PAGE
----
25 December 2023, New Delhi: When it comes time to consider career plans, very few young people even consider agriculture as an option. Many young people believe urban areas offer more profitable jobs with less physical labor. However, agriculture in India is evolving every single day. New digital innovations and cutting-edge technologies are making farming more profitable and smarter.
To deliberate on young people’s challenges and solutions to address them, a parallel session was held during the CGIAR GENDER conference, From Research to Impact: Towards Just and Resilient Agri-food Systems, October 9–12, 2023, in New Delhi, India.
In the four-day conference, gender researchers and practitioners from 68 countries shared their perspectives, knowledge and skills about improving gender inclusion in food systems. The conference served as a platform where policymakers, practitioners and private sector actors came together to share the goal of equitable food-systems transformation. They aimed to bridge the gap between research and practice and foster gender-equal and socially inclusive, resilient food systems.
Technology and combined efforts from academia, industry and the government will continue to play critical roles in collectively attracting young people toward these new, innovative ideas in agriculture. Agricultural education can, therefore, play a profound role in shaping the future of sustainable agriculture in India.
How academia can enable opportunities for youth
S. Pandey, vice-chancellor of Dr. Rajendra Prasad Central Agricultural University, Bihar, shared his thoughts on addressing youth-centric issues in agriculture. He emphasized that artificial intelligence (AI) is increasingly vital because of its many applications and benefits and that it can help youth to use the power of big data and the internet.
“Use of AI can change the entire scenario: technology-driven agriculture is the need of the hour. New tools and techniques are important to address the current challenges where youth can be at center stage,” he said.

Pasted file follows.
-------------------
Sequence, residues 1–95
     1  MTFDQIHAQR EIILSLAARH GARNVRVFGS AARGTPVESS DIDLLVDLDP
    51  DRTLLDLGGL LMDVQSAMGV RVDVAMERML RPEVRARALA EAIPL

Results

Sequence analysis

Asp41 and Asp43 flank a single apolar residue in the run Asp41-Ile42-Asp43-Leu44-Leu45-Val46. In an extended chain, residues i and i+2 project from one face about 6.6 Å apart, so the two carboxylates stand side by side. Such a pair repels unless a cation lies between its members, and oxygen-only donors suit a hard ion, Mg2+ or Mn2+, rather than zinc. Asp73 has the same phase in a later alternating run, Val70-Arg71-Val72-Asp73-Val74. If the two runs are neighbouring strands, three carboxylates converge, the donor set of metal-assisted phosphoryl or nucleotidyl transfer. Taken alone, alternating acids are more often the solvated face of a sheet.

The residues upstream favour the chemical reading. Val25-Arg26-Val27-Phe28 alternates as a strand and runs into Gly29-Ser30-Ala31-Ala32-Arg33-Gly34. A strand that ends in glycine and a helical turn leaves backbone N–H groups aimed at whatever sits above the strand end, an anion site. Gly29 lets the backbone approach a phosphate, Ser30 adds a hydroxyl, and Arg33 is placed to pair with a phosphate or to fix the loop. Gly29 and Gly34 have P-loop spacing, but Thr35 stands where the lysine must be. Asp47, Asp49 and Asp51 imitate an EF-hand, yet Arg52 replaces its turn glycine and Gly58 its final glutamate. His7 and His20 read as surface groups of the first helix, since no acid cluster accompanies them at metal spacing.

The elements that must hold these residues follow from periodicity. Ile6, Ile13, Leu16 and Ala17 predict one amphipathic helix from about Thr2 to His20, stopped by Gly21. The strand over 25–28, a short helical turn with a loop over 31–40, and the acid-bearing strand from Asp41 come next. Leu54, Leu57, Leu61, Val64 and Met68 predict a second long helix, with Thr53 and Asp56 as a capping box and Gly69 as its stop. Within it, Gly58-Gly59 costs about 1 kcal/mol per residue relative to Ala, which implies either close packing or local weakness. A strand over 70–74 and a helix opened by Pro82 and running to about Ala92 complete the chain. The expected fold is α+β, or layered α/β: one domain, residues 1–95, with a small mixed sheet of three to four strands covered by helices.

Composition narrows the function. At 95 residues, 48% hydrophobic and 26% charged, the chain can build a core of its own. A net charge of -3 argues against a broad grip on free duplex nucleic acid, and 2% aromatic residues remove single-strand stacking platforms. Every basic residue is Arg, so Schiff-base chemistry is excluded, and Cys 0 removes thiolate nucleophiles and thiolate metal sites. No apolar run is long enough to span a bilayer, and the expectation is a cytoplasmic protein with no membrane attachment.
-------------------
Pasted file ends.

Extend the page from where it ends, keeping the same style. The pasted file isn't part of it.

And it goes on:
In addition, Geethalakshmi Vellingiri, vice-chancellor of Tamil Nadu Agricultural University (TNAU) said, “Agriculture is looked at as manual, hard work, and not as a lucrative job, which makes it unattractive to youth. TNAU is starting One Student One Farm Family linkage for the first-year students. In this model, students will get to know about the issues being faced by the farmers in the field. They will then link the farmer to the scientist for probable solutions, thus bridging the gap.”
Government’s role in shaping policy
“Students are unaware of the different dimensions of agriculture; hence, their inclination towards agriculture education is not much,” said R. C. Agrawal, deputy director general of the Agricultural Education Division of the Indian Council of Agricultural Research (ICAR), and moderator of the youth careers session. “ICAR is designing a new agriculture-based curriculum for primary, middle and secondary levels to attract more youth. ICAR has initiated its efforts towards integrating the agriculture world with this new education policy.”
Industry opening doors for youth in agriculture
Ch. Srinivasa Rao, director of ICAR’s National Academy of Agricultural Research Management (NAARM), Hyderabad, spoke about the importance of industry. “The youth, both men and women, should be sensitized towards the agrifood sector. Start-ups can help to attract youths’ attention. We should characterize farms as an industry, farming as a business and the farmer as a businessperson. If this orientation doesn’t occur, livelihoods cannot be improved, and youth retention in agriculture won’t be achieved.”
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